Amid talk of a multiconceptual international order, where hopes for lasting cooperation are replaced by permanent rivalry, young people around the world are remarkably united on the most pressing issue affecting their own countries. It could hold the key to reducing global challenges more broadly.
The World Economic Forum’s Global Shapers community identified corruption as their principal concern in a recent survey, linking it to a broad range of intersecting global issues, such as growing inequality and unaccountable governments. While war is declared on everything from terrorism to national debt, this generation believes that the defining issue of this era is something else: corruption, and the way it eats away at their future. And yet one of the most important defences our societies have against corruption is under threat.
War metaphors are overused. But it is difficult to describe the global uptick in violence against the press as anything other than a battle for freedom from corruption and the dangerous ideologies that seek to make it look respectable. The recent developments in the case of Jamal Khashoggi, who was already living in exile, illustrate the risks journalists face.
From journalists tracking religious extremists in India to reporters uncovering crime and corruption in the Philippines, the people the anti-corruption movement rely on for information are increasingly being silenced.
In countries cursed with multiple intersecting challenges such as terrorism, severe economic inequality and illegal drug or human trafficking, it can be easy to attribute the murder of journalists to broader structures of violence. Yet two assassinations in the heart of the EU, long considered a safe haven for press freedom, have shattered some deeply ingrained assumptions about where and why most journalists are killed. Data collected by the Committee to Protect Journalists shows that 93% of journalists murdered in 2017 were reporters covering local politics and corruption in their home countries.
There is a reason why Yale historian Timothy Snyder has described investigative journalists as “the heroes of our time”, and why The Post star Meryl Streep, in a strident defence of the free press, declared that “true bravery is the Maltese journalist Daphne Caruana Galizia, blown up in her car for reporting on the Panama Papers”. It is increasingly investigative reporters, not law enforcement agencies, who are on the front lines in the fight against graft and poor governance. The case of Daphne Caruana Galizia, assassinated on 16 October 2017 near her country home in Malta, has become a defining example of why press freedom matters in efforts to combat corruption around the world, promote transparency and safeguard democracy.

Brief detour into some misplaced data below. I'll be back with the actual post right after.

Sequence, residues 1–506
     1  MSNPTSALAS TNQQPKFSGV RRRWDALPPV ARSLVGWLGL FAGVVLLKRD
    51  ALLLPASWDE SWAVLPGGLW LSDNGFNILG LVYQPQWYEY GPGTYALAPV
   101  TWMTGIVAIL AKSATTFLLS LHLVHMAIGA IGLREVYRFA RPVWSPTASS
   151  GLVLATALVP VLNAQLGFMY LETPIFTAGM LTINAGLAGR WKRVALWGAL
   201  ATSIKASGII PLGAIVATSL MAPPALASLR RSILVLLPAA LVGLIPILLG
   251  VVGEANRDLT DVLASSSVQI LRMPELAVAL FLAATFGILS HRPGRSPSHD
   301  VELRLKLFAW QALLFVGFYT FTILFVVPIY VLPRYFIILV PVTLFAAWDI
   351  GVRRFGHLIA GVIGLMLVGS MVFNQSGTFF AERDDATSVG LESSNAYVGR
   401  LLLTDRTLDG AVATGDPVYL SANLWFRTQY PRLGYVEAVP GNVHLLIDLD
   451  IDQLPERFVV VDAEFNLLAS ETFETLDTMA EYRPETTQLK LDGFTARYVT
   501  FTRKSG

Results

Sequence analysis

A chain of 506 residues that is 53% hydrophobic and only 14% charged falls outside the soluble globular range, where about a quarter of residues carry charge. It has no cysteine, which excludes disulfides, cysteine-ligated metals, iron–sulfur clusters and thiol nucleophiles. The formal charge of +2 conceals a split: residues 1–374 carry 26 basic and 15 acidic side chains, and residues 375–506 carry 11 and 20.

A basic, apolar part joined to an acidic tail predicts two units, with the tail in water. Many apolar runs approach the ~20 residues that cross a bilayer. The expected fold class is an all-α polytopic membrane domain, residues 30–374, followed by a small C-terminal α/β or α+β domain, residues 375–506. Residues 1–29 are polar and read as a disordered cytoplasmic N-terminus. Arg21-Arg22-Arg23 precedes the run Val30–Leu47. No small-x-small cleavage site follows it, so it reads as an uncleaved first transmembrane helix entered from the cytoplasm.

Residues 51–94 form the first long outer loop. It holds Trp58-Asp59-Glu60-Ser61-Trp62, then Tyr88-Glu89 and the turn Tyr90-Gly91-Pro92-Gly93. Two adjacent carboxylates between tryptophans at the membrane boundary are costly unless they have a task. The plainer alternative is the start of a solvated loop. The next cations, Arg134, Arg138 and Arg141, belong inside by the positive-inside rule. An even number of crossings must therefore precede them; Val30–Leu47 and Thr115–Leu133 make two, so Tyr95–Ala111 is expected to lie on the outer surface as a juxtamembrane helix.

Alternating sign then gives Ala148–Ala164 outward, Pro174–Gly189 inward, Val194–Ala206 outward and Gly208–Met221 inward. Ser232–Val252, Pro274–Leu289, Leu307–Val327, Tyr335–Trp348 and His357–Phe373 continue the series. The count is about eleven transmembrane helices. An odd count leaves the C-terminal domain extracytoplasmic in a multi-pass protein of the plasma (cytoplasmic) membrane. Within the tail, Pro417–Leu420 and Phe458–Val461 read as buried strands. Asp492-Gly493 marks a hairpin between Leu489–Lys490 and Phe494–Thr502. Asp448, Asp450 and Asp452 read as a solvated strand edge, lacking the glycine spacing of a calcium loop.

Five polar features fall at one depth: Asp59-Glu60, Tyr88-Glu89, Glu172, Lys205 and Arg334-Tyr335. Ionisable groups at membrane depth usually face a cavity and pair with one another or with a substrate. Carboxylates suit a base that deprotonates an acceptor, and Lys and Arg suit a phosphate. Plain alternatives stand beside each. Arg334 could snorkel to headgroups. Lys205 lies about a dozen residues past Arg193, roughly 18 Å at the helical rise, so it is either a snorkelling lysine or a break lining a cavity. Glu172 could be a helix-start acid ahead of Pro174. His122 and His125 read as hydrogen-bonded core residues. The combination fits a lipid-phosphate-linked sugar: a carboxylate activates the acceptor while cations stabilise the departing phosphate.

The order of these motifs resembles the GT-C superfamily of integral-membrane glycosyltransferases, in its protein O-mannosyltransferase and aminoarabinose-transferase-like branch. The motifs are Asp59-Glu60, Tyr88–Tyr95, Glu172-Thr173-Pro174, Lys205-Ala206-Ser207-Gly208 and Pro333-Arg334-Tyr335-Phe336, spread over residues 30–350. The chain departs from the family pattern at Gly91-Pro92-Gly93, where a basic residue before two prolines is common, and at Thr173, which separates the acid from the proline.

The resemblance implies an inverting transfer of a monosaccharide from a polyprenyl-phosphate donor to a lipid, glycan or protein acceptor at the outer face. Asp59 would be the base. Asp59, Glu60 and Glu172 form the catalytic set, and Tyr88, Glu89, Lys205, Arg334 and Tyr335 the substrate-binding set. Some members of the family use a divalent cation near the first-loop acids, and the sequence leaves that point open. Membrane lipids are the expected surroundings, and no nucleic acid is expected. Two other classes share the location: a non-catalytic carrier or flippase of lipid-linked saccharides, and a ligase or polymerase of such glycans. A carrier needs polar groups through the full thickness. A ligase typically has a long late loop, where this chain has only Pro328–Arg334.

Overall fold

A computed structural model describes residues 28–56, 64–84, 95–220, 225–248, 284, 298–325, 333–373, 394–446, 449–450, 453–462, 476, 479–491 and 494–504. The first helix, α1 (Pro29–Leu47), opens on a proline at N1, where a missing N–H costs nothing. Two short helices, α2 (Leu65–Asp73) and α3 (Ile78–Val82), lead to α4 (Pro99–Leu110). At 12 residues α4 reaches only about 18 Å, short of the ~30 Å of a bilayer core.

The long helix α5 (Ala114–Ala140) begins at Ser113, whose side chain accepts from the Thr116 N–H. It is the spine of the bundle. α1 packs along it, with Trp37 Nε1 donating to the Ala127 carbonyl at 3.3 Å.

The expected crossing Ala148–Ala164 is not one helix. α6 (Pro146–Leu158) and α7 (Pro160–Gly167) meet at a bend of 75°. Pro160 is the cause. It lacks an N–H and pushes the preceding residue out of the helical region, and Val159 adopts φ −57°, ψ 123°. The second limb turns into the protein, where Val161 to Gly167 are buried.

The consequences for transparency and political accountability of a spike in violence against investigative journalists were laid bare in European Commission President Juncker’s last State of the Union Address:
“Europe must always be a place where freedom of the press is sacrosanct. Too many of our journalists are intimidated, attacked, murdered. There is no democracy without a free press.”
Maybe it is this threat to their freedom that young people perceive so clearly, and why they continue to call on decision-makers to address the issue, demanding harsher penalties for corrupt public officials.
To rebuild trust in systems of government, states can do more to protect journalists who are scrutinising them. Not unlike the inverted U-curve popularized by Malcolm Gladwell, press freedom is instrumental in keeping corruption in check up to a certain limit. When that limit is reached, corruption begins to keep the press in check, sending the country on a journey of increased instability and political graft, and often reduced press freedom.
In Bulgaria, where an investigative reporter was found raped and murdered in October 2018, press freedom has slipped from 36th place in 2006 to 111th in 2018, according to the annual index compiled by Reporters without Borders. Slovakia press freedom has fallen ten places to 27th. Malta has plunged 18 places to 65th. All three countries are also consistently at the bottom of Transparency International’s Corruption Perceptions Index for the European Union.
Caruana Galizia had been threatened and harassed for most of her 30-year career, during which she documented the frightening way in which populism and corruption had begun to dovetail. This pattern can be witnessed across southern and eastern Europe, where efforts to shed light on political corruption are increasingly met with extreme retaliation.
Jan Kuciak, the young Slovakian reporter probing corruption and money laundering before he was murdered alongside his fiancée in March 2018, was killed despite reporting death threats to the local police. Contrast Caruana Galizia and Kuciak’s cases with that of Italian journalist Paolo Borrometi, who has so far survived mafia assassination plots, and the power and limits of investigative journalism in battling corruption are suddenly clearer.
When corruption becomes so pervasive that it undermines the effectiveness of national authorities, journalists begin to die. Their murder betrays the institutional failure that they died trying to uncover.
In this grim week, the first anniversary of Caruana Galizia’s death, it is important to remember what the sacrifice of modern day heroes like her teach us: that there are journalists willing to lay down everything in our common fight against corruption. But unless we do more to prop up law enforcement authorities, the war, along with our bravest voices, will be lost. And this isn’t another martial metaphor; this fight is a real one.